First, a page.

We're celebrating 10 Days of Membership! Today's Gift: Receive $20 to Amazon.com with a professional membership with promo 10DAYSAM
Training, policies and tools to help HR prevent and respond to harassment claims.
Is your employee handbook keeping up with the changing world of work? With SHRM's Employee Handbook Builder get peace of mind that your handbook is up-to-date.
Develop your HR competencies and knowledge in-person in 12 U.S. cities or virtually.
#SHRM18 will expand your perspective – on your organization, on your career, and on the way you approach HR. Join us in Chicago June 17-20, 2018
Employers can reduce safety risks by creating effective policies and reporting systems
Technology has made telecommuting easier to manage, but remote work arrangements present unique safety challenges—and employers must ensure they are complying with workplace rules even for employees who don't work onsite.
Keeping remote employees safe can be challenging, mainly because they are not in a controlled workplace environment, said Chris Holbert, CEO of SecuraTrac, a company in Hermosa Beach, Calif., that develops and sells mobile health and safety solutions. He noted that remote workers usually don't have a designated office with smoke detectors, ergonomic workspaces and security protocols.
"Workplace safety for at-home workers is a somewhat amorphous topic, as it's sometimes unclear what regulatory framework applies," said Alec Beck, an attorney with FordHarrison in Minneapolis.
For example, he said, the Occupational Safety and Health Administration (OSHA) has stated that it will not conduct at-home workplace inspections and that it will generally not hold employers liable for at-home safety issues.
"On the other hand, OSHA continues to maintain that employers are responsible for safe working conditions regardless of location," Beck said. "The obvious tension between these two statements illustrates the difficulty of creating policies and procedures in this area."
Employers can try to manage and mitigate the safety risks mobile workers face by creating effective safety reporting systems and establishing mandatory safety check-ins at predetermined intervals, Holbert said.
"Whether this be after every job, site visit or at the end of each day, a verbal or digital check-in and safety report—even if the report [indicates] no incidents—can help create a history to predict and avoid future events," he added.
Workplace injuries are a constant worry for employers, and there is no magic solution to the problem, Beck said, adding that state workers' compensation laws generally will cover accidents that occur in the home while an employee is working.
He noted, however, that it may be difficult for employers to enforce workplace conduct laws with remote employees.
[SHRM members-only HR Q&A: Are telecommuters covered under workers' compensation?]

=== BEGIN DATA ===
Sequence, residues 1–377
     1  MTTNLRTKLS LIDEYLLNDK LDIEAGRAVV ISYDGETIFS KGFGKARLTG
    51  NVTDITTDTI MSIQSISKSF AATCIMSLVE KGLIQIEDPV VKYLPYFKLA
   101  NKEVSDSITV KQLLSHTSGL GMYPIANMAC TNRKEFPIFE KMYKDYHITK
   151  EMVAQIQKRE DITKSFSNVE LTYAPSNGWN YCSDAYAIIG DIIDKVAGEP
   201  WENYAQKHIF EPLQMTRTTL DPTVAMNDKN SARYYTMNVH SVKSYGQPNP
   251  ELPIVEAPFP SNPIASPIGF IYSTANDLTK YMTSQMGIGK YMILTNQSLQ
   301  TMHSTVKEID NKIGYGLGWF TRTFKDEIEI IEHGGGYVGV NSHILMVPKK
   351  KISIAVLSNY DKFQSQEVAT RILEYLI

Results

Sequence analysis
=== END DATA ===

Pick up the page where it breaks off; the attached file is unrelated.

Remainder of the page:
As an example, he said an employee could be intoxicated during work hours, fall while plugging in a work computer and sustain an injury, and still have a workers' compensation claim because the employer would have to somehow prove misconduct to avoid liability.
"Of course, since the employer wasn't there, and presumably there's no video or other evidence of the injury, it's unlikely the employer could prove the misconduct," he said.
Workers who travel on behalf of the business also present unique challenges because they are covered by workers' compensation when they are sent to another location for business purposes.
To claim workers' compensation benefits, employees have to show that they were acting in the interest of the employer at the time the injury occurred—but when the worker's activities aren't supervised, it may be difficult for an employer to know when an employee is actually acting on its behalf, Beck said.
Another challenge for employers with remote workers is communicating when an injury or medical emergency has occurred.
Holbert said one solution is for employers to implement technologies that automatically track and report on a mobile worker's location and physical safety.
"There are wearable technologies available that can locate employees on demand and that also function as emergency panic buttons," he explained. "If an accident or emergency situation occurs, the employee can press the button and immediately be connected with responders who can provide assistance."
Holbert said a two-way microphone allows for communication, and if for any reason the employee is unconscious, the device can detect a fall and place an automatic call for emergency help.
Tips for Employers
Beck said the following safety procedures are generally accepted in the risk-management field as prudent for employers to follow if they offer at-home work arrangements:
"Although it's impossible to completely avoid the unique risks posed by at-home workers, following these steps will reduce the possibility of claims and liability," Beck said.
Was this article useful? SHRM offers thousands of tools, templates and other exclusive member benefits, including compliance updates, sample policies, HR expert advice, education discounts, a growing online member community and much more. Join/Renew Now and let SHRM help you work smarter.
You have successfully saved this page as a bookmark.
Please confirm that you want to proceed with deleting bookmark.
You have successfully removed bookmark.
Please log in as a SHRM member before saving bookmarks.
Your session has expired. Please log in again before saving bookmarks.
Please purchase a SHRM membership before saving bookmarks.
An error has occurred
Recommended for you
Five key facts about High-energy visible (HEV) a.k.a. “blue light”
HR Education in a City Near You
SHRM’s HR Vendor Directory contains over 3,200 companies